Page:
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Logo of annbotAboutAuthor GuidelinesEditorial BoardAnnals of Botany
 
Ann Bot. 2010 June; 105(7): 1103–1108.
Published online 2010 March 12. doi:  10.1093/aob/mcq044
PMCID: PMC2887066

Boron transport in plants: co-ordinated regulation of transporters

Abstract

Background

The essentiality of boron (B) for plant growth was established >85 years ago. In the last decade, it has been revealed that one of the physiological roles of B is cross-linking the pectic polysaccharide rhamnogalacturonan II in primary cell walls. Borate cross-linking of pectic networks serves both for physical strength of cell walls and for cell adhesion. On the other hand, high concentrations of B are toxic to plant growth. To avoid deficiency and toxicity problems, it is important for plants to maintain their tissue B concentrations within an optimum range by regulating transport processes. Boron transport was long believed to be a passive, unregulated process, but the identification of B transporters has suggested that plants sense and respond to the B conditions and regulate transporters to maintain B homeostasis.

Scope

Transporters responsible for efficient B uptake by roots, xylem loading and B distribution among leaves have been described. These transporters are required under B limitation for efficient acquisition and utilization of B. Transporters important for tolerating high B levels in the environment have also been identified, and these transporters export B from roots back to the soil. Two types of transporters are involved in these processes: NIPs (nodulin-26-like intrinsic proteins), boric acid channels, and BORs, B exporters. It is demonstrated that the expression of genes encoding these transporters is finely regulated in response to B availability in the environment to ensure tissue B homeostasis. Furthermore, plants tolerant to stress produced by low B or high B in the environment can be generated through altered expression of these transporters.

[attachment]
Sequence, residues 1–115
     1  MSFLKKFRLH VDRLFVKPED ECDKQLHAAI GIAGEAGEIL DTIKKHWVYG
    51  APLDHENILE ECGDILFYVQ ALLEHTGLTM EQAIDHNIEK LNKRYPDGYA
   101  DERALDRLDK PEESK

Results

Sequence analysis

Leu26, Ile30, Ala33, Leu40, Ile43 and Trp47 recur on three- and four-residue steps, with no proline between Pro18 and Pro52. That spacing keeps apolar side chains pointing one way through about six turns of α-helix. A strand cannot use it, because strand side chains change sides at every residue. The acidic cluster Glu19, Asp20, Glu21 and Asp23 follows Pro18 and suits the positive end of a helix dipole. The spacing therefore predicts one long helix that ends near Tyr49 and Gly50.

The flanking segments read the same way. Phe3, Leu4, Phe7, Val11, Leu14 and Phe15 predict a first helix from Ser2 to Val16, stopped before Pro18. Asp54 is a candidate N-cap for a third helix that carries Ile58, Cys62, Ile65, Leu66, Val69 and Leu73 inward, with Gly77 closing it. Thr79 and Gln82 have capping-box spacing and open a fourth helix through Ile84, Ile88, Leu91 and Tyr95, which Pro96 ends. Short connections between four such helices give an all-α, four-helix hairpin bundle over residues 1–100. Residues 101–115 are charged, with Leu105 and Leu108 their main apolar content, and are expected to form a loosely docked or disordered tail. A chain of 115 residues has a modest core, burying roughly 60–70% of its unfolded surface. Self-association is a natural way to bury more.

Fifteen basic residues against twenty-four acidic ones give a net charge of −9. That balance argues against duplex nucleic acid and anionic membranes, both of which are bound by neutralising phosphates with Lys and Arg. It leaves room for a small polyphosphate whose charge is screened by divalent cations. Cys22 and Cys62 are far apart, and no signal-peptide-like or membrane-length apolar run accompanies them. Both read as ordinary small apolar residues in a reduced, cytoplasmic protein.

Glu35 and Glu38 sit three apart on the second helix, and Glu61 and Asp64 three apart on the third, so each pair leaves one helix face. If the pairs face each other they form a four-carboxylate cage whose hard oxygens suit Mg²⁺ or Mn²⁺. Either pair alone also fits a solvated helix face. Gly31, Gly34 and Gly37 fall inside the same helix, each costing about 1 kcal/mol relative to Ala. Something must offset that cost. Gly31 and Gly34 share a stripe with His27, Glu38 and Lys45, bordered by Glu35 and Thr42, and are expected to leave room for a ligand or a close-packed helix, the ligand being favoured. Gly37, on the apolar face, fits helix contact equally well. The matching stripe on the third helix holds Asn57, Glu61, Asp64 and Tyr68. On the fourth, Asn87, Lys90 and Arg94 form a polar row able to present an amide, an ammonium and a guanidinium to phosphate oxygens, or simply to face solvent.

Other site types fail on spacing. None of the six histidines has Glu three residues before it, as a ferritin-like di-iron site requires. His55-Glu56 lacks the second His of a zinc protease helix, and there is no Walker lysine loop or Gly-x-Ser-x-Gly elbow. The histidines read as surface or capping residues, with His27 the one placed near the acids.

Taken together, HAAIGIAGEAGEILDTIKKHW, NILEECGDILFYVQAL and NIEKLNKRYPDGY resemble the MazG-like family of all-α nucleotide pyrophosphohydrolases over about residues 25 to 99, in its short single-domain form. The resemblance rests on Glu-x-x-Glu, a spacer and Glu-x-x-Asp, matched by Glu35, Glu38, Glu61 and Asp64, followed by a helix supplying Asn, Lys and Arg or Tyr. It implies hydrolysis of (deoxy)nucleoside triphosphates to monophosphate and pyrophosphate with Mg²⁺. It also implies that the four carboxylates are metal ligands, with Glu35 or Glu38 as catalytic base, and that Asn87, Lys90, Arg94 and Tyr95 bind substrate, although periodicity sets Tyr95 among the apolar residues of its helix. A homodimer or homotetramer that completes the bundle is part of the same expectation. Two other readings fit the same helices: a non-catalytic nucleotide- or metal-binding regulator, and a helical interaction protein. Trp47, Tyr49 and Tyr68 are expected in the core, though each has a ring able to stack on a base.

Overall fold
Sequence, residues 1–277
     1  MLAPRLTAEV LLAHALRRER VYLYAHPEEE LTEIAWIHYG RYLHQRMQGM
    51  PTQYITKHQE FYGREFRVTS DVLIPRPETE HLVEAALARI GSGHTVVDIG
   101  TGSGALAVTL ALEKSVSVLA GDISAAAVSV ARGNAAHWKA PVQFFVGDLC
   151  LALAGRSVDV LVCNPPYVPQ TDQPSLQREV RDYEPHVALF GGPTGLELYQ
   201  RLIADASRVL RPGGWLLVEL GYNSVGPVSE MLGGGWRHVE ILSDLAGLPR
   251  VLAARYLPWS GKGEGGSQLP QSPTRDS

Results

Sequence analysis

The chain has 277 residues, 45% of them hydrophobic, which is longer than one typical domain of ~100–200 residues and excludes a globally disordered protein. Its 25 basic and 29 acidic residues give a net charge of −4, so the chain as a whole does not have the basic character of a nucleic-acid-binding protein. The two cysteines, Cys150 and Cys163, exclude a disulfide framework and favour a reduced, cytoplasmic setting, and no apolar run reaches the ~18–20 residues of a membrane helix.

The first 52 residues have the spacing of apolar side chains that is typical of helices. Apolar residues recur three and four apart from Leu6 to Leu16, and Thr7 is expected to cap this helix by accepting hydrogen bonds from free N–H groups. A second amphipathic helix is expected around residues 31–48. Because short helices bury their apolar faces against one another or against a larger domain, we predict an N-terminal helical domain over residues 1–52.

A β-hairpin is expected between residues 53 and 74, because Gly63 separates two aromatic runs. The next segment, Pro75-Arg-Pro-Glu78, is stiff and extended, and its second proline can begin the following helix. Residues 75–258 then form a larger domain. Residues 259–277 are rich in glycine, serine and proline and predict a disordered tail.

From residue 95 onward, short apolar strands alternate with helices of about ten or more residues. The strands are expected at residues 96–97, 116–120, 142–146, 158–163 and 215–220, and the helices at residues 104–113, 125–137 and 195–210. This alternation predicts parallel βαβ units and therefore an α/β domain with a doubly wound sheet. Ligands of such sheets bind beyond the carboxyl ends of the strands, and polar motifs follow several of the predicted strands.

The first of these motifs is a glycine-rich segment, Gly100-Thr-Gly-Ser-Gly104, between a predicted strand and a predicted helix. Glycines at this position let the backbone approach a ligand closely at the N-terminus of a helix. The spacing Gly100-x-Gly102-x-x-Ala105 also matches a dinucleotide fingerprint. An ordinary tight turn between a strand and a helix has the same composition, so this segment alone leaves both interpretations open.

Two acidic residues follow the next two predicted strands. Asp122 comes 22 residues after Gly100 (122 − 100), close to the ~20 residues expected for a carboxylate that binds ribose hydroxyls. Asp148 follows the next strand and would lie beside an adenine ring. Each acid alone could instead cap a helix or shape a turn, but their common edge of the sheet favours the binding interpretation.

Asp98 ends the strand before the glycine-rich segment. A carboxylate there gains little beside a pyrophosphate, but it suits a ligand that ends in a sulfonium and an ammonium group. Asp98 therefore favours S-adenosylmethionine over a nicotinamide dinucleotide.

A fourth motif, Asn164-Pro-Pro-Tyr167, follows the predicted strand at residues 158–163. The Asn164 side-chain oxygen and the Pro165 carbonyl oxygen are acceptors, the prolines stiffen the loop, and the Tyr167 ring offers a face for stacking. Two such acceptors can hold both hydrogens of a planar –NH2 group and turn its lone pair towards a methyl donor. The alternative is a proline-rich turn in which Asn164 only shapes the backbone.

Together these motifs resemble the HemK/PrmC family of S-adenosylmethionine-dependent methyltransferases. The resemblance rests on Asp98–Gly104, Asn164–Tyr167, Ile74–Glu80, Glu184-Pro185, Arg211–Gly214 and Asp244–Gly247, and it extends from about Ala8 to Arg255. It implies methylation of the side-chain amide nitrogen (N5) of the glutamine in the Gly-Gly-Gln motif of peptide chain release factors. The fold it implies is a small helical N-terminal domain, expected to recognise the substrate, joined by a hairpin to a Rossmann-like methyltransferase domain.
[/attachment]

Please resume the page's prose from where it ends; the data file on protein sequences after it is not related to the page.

Conclusions

The identification of the first B transporter led to the discovery that B transport was a process mediated not only by passive diffusion but also by transporters whose activity was regulated in response to B conditions. Now it is evident that plants sense internal and external B conditions and regulate B transport by modulating the expression and/or accumulation of these transporters. Results obtained in model plants are applicable to other plant species, and such knowledge may be useful in designing plants or crops tolerant to soils containing low or high B.

Keywords: Boron, rhamnogalacturonan II, transporter, channel, xylem loading, phloem, over-expression, Arabidopsis thaliana, Oryza sativa, Hordeum vulgare, Triticum aestivum

Articles from Annals of Botany are provided here courtesy of Oxford University Press